Any advice as to my next steps?
    Last edited by Scarloc99; 07-09-2017 at 11:56 AM.
    • Jon 01
    • By Jon 01 7th Sep 17, 12:32 PM
    • 4,945 Posts
    • 1,566 Thanks
    Jon 01
    • #5
    • 7th Sep 17, 12:32 PM
    • #5
    • 7th Sep 17, 12:32 PM
    I'd check with somewhere like Trading Standards, some the 'advice' you get from Citizens Advice is just plain wrong (been there and found they don't have a clue sometimes).
    • d123
    • By d123 7th Sep 17, 12:40 PM
    • 6,693 Posts
    • 4,268 Thanks
    d123
    • #6
    • 7th Sep 17, 12:40 PM
    • #6
    • 7th Sep 17, 12:40 PM
    Have spoken to citezans Advice and they have confirmed that my claim is with EE as the original retailer.

    Just tried EE again. They have stated that I have no claim with them under the consumer rights act as I must prove the fault was present from the first day i had the phone. My understanding was that I was in my rights to expect the Phone should last more then 8 months (the time since I had the replacement) without developing a fault.

    There own repair centre has confirmed that the phone has not been dropped and has not got wet and therefore it is a fault. However wont confirm the fault is inherent.

    Any advice as to my next steps?
    Originally posted by Scarloc99
    After 6 months the onus is on you to prove the fault is inherent. Your next steps, should you so choose, would be to commission an independent expert’s report and then consider taking EE to court to claim the repair cost.
    ====
    • Scarloc99
    • By Scarloc99 7th Sep 17, 12:52 PM
    • 5 Posts
    • 1 Thanks
    Scarloc99
    • #7
    • 7th Sep 17, 12:52 PM
    • #7
    • 7th Sep 17, 12:52 PM
    @d123

    With an Apple device could I get Apple to complete that independant review? Not sure who else would be able to do that?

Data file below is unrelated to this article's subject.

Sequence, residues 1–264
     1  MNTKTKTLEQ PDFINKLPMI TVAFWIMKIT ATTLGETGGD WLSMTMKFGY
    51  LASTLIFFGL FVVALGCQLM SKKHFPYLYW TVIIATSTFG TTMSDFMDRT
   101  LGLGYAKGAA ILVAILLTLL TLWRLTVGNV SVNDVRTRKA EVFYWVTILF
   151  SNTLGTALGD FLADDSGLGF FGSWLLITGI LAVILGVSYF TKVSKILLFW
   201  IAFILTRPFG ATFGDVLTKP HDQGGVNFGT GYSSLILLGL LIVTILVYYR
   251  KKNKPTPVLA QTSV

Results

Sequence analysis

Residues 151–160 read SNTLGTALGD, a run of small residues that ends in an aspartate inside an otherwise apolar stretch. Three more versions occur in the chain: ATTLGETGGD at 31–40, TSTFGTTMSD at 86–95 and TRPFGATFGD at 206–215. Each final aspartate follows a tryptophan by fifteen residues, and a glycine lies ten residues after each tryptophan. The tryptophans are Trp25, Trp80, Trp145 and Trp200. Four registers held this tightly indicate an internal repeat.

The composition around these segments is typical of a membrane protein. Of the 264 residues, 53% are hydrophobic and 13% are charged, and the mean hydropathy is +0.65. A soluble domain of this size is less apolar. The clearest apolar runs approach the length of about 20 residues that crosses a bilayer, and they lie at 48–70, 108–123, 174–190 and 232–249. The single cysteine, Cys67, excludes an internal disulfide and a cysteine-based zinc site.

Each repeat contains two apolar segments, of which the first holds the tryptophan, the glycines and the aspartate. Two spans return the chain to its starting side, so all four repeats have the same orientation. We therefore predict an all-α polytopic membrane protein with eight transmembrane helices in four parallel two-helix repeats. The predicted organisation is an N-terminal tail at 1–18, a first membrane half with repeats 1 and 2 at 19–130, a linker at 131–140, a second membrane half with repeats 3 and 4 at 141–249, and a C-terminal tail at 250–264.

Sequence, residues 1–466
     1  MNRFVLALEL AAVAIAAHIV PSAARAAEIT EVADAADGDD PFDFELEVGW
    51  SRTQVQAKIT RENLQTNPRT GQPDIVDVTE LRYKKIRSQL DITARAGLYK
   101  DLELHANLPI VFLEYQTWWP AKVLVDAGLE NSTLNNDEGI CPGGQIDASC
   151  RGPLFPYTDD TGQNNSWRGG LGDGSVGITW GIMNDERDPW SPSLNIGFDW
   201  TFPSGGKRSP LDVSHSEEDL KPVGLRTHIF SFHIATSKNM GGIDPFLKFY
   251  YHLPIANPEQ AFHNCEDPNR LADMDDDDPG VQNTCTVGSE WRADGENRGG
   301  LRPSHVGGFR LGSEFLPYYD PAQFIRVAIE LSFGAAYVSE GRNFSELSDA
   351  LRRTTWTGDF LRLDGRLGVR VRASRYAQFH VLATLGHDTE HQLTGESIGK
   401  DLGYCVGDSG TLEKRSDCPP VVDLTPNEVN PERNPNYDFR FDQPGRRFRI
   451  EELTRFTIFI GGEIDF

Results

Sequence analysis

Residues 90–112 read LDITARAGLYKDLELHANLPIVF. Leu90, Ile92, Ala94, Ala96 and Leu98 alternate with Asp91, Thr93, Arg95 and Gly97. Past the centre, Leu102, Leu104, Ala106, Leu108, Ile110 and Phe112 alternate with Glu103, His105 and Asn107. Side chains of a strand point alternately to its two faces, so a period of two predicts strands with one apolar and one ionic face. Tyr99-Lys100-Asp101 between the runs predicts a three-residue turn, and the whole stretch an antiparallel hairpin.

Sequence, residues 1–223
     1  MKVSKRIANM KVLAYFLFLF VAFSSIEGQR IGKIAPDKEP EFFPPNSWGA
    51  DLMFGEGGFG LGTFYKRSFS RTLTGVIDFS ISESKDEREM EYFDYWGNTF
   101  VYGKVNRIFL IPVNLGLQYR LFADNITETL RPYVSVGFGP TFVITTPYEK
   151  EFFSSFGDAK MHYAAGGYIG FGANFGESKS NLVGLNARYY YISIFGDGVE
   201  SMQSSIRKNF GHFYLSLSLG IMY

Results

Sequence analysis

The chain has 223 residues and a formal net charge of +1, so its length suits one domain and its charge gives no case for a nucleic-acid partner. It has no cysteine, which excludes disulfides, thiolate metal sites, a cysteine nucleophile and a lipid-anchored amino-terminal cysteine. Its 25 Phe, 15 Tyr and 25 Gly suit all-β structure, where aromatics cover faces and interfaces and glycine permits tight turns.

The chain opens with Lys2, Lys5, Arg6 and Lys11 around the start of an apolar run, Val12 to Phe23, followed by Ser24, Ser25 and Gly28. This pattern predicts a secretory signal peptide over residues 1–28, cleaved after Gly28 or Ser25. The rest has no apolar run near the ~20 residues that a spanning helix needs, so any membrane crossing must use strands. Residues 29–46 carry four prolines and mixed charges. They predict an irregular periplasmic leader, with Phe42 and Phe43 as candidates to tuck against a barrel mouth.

The below is the latest response from EE.

    I am contacting you in relation to our recent conversation. I acknowledge your iPhone 5s has developed a fault and you have requested that EE replace this for you.

    I am sorry you feel unhappy with the situation however your iPhone 5s was supplied with a 12 month manufacturer’s warranty which expired back on 7 June 2017. As your current phone developed a fault after this date, any repair or replacement would be chargeable.

    I understand you received a replacement phone from Apple in December 2016 which was during your warranty period. Any replacement part or product or a repaired Apple Product assumes the remaining warranty of the original Apple Product or ninety days from the date of replacement or repair, whichever provides longer coverage for you. This means that your 12 month manufacturer’s warranty still expired on 7 June 2017 so any repair or replacement option would be chargeable.

    Only if the fault is inherent will we replace the device ourselves outside of the first 30 days. As your phone is over 12 months, it is your responsibility to prove to EE that the fault was inherent from point of manufacturer.

    If you remain unhappy with the situation and wish to take your complaint further, please refer to our Codes Of Practice on our website This explains our escalation procedure and the next steps you can take.

    Please accept my apologies for any confusion which may have been caused, I trust the above information has confirmed our position on the matter.
    Last edited by Scarloc99; 07-09-2017 at 1:08 PM.
    • d123
    • By d123 7th Sep 17, 1:14 PM
    • 6,693 Posts
    • 4,268 Thanks
    d123
    • #8
    • 7th Sep 17, 1:14 PM
    • #8
    • 7th Sep 17, 1:14 PM
    @d123

    With an Apple device could I get Apple to complete that independant review? Not sure who else would be able to do that?

    The below is the latest response from EE.

    I am contacting you in relation to our recent conversation. I acknowledge your iPhone 5s has developed a fault and you have requested that EE replace this for you.

    I am sorry you feel unhappy with the situation however your iPhone 5s was supplied with a 12 month manufacturer’s warranty which expired back on 7 June 2017. As your current phone developed a fault after this date, any repair or replacement would be chargeable.

    I understand you received a replacement phone from Apple in December 2016 which was during your warranty period. Any replacement part or product or a repaired Apple Product assumes the remaining warranty of the original Apple Product or ninety days from the date of replacement or repair, whichever provides longer coverage for you. This means that your 12 month manufacturer’s warranty still expired on 7 June 2017 so any repair or replacement option would be chargeable.